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Kobe explains why he votes (and that he liked Sex and the City)

Portland Trail Blazers v Los Angeles Lakers

ONTARIO, CA - OCTOBER 10: Kobe Bryant #24 of the Los Angeles Lakers smiles as he remains in street clothes for the game with the Portland Trail Blazers at Citizens Business Bank Arena on October 10, 2012 in Ontario, California. NOTE TO USER: User expressly acknowledges and agrees that, by downloading and or using this photograph, User is consenting to the terms and conditions of the Getty Images License Agreement. (Photo by Stephen Dunn/Getty Images)

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We are less than a week away from the start of the NBA season. We are two weeks away from something far more important — a presidential election. And beyond 1600 Pennsylvania Avenue you’ll have the chance to vote on who represents you in congress down to local issues on schools and much more. Things that impact your every day life.

Voter turnout in the United States is abysmal — unless you’re talking Dancing With the Stars. Then it’s great. But for the leader of the free world, not so much.

Kobe Bryant was one of those people who didn’t vote, but in a personal blog on iVillage he explains why that changed for him and how empowering voting is.

That’s a powerful feeling, one that I’ve taken for granted in the past. In the past I believed that not exercising my right to vote would not make a difference in who became the next president so why should I take the time to learn the issues? I’d rather be shooting hoops! The change occurred when Vanessa and I had our babies. Neither of us grew up in politically charged households so the issues weren’t things we were necessarily excited to read about and discuss to say the least. It was ESPN for me and “Carrie Fever” (Sex and the City) for her. (Yes, I watched the show and loved it... It was quite “informative.”)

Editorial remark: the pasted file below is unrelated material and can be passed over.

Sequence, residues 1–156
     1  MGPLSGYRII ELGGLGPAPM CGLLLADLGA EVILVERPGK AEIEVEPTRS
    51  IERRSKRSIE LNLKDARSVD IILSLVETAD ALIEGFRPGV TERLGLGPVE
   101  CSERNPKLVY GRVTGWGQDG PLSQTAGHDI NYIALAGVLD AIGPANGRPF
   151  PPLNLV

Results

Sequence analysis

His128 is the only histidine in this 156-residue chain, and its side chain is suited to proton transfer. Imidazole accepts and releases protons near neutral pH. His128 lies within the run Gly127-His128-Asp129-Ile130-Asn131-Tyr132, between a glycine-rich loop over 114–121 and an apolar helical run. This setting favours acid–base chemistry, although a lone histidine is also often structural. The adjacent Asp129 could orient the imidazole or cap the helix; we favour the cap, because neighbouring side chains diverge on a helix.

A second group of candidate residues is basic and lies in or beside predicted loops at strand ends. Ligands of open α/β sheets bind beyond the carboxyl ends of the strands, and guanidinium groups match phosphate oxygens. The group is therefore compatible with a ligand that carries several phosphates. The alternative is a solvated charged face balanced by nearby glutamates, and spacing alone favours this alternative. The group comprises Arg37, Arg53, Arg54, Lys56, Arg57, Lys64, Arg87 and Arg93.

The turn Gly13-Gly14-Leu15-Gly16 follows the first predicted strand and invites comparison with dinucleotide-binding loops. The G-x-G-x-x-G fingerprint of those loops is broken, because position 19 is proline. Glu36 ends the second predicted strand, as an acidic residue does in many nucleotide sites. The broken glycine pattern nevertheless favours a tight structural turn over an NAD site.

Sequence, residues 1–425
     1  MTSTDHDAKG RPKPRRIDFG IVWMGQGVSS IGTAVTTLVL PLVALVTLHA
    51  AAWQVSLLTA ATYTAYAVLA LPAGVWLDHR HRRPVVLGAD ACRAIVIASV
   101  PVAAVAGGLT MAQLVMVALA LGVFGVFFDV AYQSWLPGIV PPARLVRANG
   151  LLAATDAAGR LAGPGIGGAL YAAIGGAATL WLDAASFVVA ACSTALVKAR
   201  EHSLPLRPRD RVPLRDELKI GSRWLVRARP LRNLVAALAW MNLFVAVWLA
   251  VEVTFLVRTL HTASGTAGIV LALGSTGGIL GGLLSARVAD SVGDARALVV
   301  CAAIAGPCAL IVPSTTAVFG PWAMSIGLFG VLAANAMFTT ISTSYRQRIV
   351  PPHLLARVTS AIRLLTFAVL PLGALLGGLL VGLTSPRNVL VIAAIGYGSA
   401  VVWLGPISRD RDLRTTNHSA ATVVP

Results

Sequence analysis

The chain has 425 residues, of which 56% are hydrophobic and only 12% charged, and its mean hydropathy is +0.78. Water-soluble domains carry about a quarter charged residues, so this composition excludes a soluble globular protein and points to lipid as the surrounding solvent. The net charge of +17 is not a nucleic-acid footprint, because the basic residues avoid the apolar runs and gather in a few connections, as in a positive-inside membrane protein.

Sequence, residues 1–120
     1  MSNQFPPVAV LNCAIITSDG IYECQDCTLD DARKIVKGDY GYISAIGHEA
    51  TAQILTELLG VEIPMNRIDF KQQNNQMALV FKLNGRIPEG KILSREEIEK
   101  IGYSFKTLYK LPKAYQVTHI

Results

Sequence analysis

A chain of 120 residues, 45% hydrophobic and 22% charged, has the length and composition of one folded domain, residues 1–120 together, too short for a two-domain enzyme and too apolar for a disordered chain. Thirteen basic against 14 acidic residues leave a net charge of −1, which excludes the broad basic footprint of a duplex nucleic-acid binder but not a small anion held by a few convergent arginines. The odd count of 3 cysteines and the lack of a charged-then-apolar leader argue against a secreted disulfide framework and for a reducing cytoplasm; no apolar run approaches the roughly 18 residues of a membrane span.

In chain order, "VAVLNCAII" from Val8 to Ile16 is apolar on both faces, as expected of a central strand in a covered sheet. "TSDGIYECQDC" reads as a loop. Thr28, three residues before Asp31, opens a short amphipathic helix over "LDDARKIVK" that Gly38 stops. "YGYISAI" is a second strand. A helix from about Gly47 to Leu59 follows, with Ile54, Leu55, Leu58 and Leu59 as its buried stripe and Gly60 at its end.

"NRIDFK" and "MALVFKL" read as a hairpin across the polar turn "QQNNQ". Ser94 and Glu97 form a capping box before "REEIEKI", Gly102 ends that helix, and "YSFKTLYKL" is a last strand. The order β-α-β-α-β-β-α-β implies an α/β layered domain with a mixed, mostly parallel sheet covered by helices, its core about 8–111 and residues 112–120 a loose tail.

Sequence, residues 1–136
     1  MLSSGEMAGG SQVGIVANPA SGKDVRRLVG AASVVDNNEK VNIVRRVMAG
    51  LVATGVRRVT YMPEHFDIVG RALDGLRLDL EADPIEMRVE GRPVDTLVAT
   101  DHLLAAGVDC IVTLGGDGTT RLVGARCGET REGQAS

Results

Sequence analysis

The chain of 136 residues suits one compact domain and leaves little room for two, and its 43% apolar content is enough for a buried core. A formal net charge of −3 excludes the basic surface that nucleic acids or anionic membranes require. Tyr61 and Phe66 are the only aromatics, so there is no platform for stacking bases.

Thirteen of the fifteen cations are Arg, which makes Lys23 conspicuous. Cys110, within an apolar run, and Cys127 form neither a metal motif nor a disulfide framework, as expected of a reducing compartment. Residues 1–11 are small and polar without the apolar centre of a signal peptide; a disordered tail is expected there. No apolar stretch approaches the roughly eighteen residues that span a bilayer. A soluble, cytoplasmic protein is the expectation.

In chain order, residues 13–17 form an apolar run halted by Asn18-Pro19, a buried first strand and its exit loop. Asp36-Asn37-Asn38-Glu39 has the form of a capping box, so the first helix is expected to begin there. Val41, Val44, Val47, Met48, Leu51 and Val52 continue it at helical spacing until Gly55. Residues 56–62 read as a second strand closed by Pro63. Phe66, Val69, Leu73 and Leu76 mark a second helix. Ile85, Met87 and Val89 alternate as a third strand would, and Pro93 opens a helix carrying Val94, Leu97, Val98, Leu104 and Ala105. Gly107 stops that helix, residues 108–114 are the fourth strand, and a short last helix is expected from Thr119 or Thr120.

As parents, the importance of the world we live in became a priority. Nothing is more important than the future of our little munchkins. They are now nine and six and are learning about the civil rights movement and the fight for women’s rights so they naturally have questions. Why were African Americans forced to sit in the back of the bus? Why couldn’t women vote?

The most important answer we can give them outside of the ones found in our history pages is that our world has CHANGED for the better because individuals fought for their rights while inspiring others to do the same.

First things first — I watched Sex and the City too and will defend that show. Well, not the ending or the second movie, but for the most part. I’ll stand with Kobe here. That was genuinely good television.

Not to go all eighth grade American history but…

We are a very lucky people — we get to have a say in our government. If a newly formed democracy on the other side of the world held and election and had our voter turnout the 24-hour news stations and talk radio would rip them. Rightfully. You can say the candidates don’t inspire you or that you don’t make a difference, but that’s not good enough. If enough people believe what you do you can change your town, your state, and much more. If you walk away, everyone else gets to make that choice for you.

Just get out and vote on Nov. 6. Then get home to watch the Detroit vs. Denver game that night. They don’t overlap.